“The 1972 record album and illustrated book, Free To Be You…and Me, which this new volume memorializes, offered gender-neutral stories sung or told by celebrities of the day…Contributors to that classic understandably take pride here in what they accomplished. Marlo Thomas, who conceived of the idea behind Free To Be, is here (heavily represented in the photographs), along with Ms. magazine cofounder Gloria Steinem, actor Alan Alda, and writer Deborah Siegel, whose “Dispatches from My Twins’ First Year” nicely captures the everyday quandaries of parents trying to be nonsexist. Rotskoff and Lovett include separate essays by social justice activist Letty Cottin Pogrebin and her daughters Robin Pogrebin and Abigail Pogrebin, thus providing distinct generational perspectives. General readers familiar with the original record or book, both still available, and researchers interested in social, gender, and media studies will appreciate this work.”
on When We Were Free to Be
LORI ROTSKOFF is a cultural historian, writer, educator, and public speaker specializing in childhood and youth, women’s and gender studies, family issues, and arts and culture. After majoring in history at Northwestern University and working for a year at the National Endowment for the Humanities in Washington, DC, she entered graduate school in American Studies at Yale, where she earned a Ph.D. in 1999. She has taught undergraduates at Yale and Sarah Lawrence College, and currently offers seminar classes for adults at the Barnard Center for Research on Women, where she has taught since 2005.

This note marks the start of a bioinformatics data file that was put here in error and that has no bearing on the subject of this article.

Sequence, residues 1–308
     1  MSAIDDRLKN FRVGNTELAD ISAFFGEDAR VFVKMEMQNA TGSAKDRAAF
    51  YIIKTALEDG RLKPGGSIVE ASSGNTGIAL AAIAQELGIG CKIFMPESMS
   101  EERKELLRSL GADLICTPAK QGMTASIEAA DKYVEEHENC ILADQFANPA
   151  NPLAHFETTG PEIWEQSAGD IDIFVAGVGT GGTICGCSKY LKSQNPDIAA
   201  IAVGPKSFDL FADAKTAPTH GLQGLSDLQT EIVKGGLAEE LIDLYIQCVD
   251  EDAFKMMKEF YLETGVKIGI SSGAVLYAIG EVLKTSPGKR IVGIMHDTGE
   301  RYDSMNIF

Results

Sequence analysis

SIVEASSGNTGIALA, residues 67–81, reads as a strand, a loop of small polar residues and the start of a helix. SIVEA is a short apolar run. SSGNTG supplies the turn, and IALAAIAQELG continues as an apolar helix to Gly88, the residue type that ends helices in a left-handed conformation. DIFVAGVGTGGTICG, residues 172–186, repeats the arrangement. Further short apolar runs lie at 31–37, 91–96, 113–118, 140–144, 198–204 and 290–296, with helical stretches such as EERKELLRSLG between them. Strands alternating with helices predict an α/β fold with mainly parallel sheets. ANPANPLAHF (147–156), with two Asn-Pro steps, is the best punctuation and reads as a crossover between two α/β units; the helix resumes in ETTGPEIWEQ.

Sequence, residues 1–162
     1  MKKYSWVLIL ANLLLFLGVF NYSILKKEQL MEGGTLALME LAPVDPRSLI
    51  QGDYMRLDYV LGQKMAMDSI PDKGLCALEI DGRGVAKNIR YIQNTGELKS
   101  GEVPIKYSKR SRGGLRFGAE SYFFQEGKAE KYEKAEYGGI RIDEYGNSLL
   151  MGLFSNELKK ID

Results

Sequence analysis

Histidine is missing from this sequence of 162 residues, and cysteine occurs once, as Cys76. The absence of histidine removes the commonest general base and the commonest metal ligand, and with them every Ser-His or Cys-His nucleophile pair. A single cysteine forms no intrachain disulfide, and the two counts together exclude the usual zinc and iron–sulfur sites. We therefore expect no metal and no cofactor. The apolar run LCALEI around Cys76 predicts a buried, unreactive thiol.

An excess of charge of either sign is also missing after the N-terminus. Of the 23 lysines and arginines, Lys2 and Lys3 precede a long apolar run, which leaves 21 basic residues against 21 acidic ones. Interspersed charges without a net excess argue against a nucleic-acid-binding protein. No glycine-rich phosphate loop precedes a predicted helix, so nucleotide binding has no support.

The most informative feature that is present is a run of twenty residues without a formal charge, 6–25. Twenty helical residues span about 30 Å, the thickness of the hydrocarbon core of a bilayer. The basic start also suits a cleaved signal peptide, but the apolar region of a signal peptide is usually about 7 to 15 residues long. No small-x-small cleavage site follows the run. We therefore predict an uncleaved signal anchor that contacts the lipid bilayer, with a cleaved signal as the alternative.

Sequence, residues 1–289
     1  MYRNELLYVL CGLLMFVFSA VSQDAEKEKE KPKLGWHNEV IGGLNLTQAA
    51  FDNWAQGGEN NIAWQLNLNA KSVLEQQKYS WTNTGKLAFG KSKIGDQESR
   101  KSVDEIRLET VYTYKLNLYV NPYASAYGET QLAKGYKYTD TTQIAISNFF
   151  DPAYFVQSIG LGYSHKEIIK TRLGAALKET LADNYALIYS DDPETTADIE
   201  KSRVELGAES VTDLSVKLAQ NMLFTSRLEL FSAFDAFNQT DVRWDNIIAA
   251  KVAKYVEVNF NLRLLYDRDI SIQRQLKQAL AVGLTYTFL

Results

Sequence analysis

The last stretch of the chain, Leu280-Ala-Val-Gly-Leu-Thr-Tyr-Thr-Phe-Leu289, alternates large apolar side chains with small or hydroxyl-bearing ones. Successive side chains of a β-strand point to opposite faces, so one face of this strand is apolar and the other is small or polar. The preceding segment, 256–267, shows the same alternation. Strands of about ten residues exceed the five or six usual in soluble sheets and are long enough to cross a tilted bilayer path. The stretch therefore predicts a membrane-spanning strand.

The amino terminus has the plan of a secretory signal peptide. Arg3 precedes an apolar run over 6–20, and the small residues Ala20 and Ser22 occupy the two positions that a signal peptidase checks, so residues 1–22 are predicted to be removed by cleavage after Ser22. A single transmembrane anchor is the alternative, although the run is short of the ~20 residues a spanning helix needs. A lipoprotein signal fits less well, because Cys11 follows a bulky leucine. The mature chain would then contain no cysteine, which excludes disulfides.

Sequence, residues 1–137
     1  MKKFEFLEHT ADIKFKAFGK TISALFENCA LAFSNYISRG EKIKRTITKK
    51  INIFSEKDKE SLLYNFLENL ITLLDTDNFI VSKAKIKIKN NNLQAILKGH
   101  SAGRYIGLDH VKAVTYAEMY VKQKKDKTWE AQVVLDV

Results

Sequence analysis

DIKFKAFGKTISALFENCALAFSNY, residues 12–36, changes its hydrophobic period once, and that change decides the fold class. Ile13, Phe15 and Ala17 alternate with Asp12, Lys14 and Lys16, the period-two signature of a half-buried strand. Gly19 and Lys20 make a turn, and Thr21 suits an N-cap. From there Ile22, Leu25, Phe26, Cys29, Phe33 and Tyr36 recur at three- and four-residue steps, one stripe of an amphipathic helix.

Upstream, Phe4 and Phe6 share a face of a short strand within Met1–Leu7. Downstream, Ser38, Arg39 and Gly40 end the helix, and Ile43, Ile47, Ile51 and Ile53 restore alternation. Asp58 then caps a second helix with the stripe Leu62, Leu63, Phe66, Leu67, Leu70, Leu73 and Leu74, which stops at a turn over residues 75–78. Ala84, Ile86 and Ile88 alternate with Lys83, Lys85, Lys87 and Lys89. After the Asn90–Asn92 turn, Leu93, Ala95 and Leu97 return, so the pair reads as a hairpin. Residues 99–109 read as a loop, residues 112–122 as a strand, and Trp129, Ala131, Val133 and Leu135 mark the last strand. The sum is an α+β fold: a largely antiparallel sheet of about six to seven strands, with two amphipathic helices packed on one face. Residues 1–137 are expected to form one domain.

Lori Rotskoff is co-editor, with Laura L. Lovett, of the anthology When We Were Free to Be: Looking Back at a Children’s Classic and the Difference It Made, published by the University of North Carolina Press in 2012. Her previous book, Love on the Rocks: Men, Women, and Alcohol in Post-World War II America (2002) was named an Outstanding Academic Title by Choice magazine and the American Library Association.
Lori’s book reviews have appeared in the Women’s Review of Books; the Chicago Tribune; Brain, Child: The Magazine for Thinking Mothers; Reviews in American History; and the Journal of American History. She has received fellowships and research grants from the Woodrow Wilson Foundation, the American Historical Society, the Sophia Smith Collection, and the Schlesinger Library at the Radcliffe Institute for Advanced Study.
Ms. Rotskoff serves on the Board of Directors of Cool Culture, a non-profit organization that provides 50,000 low-income families with free access to 90 museums, gardens, zoos, and other cultural institutions in New York City. She is also an Advisory Board member of La Femme Theatre Productions. She lives in Larchmont, New York with her husband and two sons.